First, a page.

While hedge funds are sometimes thought of as producing high-octane returns through risky bets and lots of leverage, “that could not be further from the truth,” Jack Inglis, the CEO of the Alternative Investment Management Association, says. 

Compared with a typical long-only fund, hedge funds are less constrained in their investment mandates and can construct portfolios using leverage, derivatives, and the ability to short sell securities.

“[Hedge funds] seek to provide lower correlation to traditional markets and produce a greater unit of return for each unit of risk that is deployed,” said Inglis, himself a former hedge fund manager.

At the same time, hedge funds need to be able to beat the market, Zachary Cefaratti, CEO of Dalma Capital, a Dubai-based hedge fund management company, says.

“The primary goal of any hedge fund is to generate alpha, and alpha generation means that you need to be outperforming a passive, or cheap, exposure to an asset class.”

Nevertheless, hedge funds should be seen as complementary, rather than exclusive, to traditional investments, said Inglis. “In building a portfolio of investments, an investor should look to include hedge funds for the different exposures and different styles of investing that they offer.”

Who should invest?

While hedge funds are part of almost every heavyweight investment portfolio, the asset class has seen a decline in popularity over the last eight years or so, primarily because many funds have trailed their indices and so have been outperformed by passive funds, Alex Gemici, the chairman and CEO of Greenstone Equity Partners, a Dubai-based fund placement firm, says.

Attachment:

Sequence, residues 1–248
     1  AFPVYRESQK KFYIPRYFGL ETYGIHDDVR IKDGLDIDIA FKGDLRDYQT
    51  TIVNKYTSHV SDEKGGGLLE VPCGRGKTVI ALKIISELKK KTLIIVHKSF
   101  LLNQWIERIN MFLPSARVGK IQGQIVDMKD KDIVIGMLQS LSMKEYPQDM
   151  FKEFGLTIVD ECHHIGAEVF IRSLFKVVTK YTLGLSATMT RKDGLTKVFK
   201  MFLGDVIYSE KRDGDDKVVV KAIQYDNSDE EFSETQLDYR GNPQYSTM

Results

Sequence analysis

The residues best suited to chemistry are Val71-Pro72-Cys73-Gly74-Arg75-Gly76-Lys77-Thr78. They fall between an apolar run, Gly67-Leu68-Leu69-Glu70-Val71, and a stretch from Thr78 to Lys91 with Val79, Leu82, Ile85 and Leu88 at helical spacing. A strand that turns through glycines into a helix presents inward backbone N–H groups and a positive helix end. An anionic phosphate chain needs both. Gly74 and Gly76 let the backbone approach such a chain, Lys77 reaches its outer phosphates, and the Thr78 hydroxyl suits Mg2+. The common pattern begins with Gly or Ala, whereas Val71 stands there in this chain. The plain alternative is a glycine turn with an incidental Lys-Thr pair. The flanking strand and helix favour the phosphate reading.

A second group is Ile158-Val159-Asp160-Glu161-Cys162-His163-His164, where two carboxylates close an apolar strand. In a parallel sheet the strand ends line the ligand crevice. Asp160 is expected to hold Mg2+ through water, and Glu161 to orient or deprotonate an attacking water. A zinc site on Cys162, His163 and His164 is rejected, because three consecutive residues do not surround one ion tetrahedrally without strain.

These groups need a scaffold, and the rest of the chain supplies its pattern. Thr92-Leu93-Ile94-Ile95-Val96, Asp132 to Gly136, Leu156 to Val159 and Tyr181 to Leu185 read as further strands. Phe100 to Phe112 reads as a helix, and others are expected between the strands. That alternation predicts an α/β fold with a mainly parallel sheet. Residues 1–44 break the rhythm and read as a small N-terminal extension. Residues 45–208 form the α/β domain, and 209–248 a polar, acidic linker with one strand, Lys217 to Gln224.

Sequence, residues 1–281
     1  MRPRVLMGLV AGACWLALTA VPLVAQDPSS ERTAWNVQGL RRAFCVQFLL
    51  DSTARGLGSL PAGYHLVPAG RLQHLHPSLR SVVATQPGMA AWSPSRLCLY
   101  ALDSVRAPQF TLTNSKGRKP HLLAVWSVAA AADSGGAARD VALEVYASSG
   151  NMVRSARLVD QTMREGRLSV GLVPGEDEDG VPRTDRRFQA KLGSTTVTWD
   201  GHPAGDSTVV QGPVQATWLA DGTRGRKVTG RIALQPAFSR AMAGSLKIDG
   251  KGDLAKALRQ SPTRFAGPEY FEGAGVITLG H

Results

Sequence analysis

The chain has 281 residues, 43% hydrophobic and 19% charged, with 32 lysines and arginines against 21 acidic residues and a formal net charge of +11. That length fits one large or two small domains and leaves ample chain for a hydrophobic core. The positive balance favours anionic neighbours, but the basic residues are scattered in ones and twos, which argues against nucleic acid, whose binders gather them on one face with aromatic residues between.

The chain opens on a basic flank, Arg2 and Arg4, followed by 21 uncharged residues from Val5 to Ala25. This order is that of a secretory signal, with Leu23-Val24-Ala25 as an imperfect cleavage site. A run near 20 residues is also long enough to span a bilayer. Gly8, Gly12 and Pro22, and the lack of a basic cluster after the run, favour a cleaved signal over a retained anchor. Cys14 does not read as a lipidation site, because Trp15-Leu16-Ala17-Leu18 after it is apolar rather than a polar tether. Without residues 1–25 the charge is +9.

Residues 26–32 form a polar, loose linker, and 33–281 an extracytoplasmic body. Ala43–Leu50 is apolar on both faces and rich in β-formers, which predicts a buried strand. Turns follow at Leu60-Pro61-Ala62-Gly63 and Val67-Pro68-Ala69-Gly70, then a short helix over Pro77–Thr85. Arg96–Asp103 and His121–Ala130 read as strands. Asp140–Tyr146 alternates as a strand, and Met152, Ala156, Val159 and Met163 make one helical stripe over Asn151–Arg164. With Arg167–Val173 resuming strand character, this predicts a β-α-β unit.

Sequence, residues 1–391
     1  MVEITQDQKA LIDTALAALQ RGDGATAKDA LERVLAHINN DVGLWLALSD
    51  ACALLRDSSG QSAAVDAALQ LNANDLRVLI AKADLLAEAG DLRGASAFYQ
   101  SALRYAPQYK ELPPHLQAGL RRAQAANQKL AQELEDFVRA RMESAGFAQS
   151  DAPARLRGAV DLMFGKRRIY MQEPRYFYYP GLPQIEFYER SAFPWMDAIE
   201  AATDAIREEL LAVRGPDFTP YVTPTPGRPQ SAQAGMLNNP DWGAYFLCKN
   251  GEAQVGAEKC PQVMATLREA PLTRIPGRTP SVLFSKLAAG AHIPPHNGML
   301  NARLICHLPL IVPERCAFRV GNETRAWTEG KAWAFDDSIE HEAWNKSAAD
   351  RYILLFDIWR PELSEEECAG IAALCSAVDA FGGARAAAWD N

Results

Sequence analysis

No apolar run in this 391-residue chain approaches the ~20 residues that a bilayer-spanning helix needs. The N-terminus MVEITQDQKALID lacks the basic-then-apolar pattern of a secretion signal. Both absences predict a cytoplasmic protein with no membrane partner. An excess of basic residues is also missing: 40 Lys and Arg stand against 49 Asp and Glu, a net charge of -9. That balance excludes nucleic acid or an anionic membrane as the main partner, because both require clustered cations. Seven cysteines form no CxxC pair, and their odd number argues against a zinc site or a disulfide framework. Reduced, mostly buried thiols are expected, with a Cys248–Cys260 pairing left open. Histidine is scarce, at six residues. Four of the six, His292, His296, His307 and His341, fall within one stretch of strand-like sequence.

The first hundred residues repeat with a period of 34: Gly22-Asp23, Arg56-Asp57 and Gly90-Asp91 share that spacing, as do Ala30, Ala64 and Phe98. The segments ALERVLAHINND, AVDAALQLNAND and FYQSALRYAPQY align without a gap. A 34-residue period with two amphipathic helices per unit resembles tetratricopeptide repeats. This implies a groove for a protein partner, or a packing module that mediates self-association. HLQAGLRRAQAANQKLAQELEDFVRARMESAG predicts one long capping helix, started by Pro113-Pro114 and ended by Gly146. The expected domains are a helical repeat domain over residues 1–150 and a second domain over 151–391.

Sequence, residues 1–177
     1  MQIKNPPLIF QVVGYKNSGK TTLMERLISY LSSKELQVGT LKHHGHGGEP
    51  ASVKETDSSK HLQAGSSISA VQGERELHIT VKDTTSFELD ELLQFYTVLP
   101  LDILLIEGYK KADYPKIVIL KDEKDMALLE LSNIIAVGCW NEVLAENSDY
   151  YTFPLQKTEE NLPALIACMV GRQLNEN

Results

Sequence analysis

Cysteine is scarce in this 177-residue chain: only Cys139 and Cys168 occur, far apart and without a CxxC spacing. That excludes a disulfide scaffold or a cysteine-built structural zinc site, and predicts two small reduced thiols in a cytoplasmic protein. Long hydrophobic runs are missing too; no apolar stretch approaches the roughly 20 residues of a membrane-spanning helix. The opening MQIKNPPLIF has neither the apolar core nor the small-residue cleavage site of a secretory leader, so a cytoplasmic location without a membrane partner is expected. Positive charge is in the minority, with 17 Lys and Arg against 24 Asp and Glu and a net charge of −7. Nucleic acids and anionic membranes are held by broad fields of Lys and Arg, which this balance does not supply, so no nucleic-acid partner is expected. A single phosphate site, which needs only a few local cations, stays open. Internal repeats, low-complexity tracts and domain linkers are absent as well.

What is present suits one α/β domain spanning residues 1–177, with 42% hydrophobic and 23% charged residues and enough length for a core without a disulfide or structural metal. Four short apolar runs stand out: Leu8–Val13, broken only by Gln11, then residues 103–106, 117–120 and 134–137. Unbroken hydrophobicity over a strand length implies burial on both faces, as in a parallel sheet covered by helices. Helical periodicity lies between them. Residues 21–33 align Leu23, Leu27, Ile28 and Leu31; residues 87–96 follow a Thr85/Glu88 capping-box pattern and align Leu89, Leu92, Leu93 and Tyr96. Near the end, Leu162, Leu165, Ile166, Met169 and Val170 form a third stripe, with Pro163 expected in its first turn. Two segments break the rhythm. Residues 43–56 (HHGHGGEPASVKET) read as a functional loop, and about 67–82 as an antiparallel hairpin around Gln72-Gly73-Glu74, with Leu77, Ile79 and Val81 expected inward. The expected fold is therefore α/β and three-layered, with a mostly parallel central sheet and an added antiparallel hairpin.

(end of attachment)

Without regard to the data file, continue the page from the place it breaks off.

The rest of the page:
Hedge funds typically have higher fees than a mutual fund – fees that are necessary to maintain the high overheads of analysts and other investment professionals who craft and execute strategies. The classic fee structure is 2 and 20: a 2 percent annual management fee and a 20 percent performance fee, or carry, levied on the fund’s profits compared with a benchmark. 

The impact of fees has come more into focus as a result of the strong performance of passive funds, says Gemici. “Net returns have been problematic. Even if a hedge fund performs to the index, or slightly better, their net return to investors is below the index when their fees are subtracted.”

Nevertheless, Gemici says he’s seen a swing back to high quality hedge funds in recent years as investors have begun to ascribe greater value to liquidity. In asset classes such as private equity or venture capital, investments can be locked away for as long as a decade.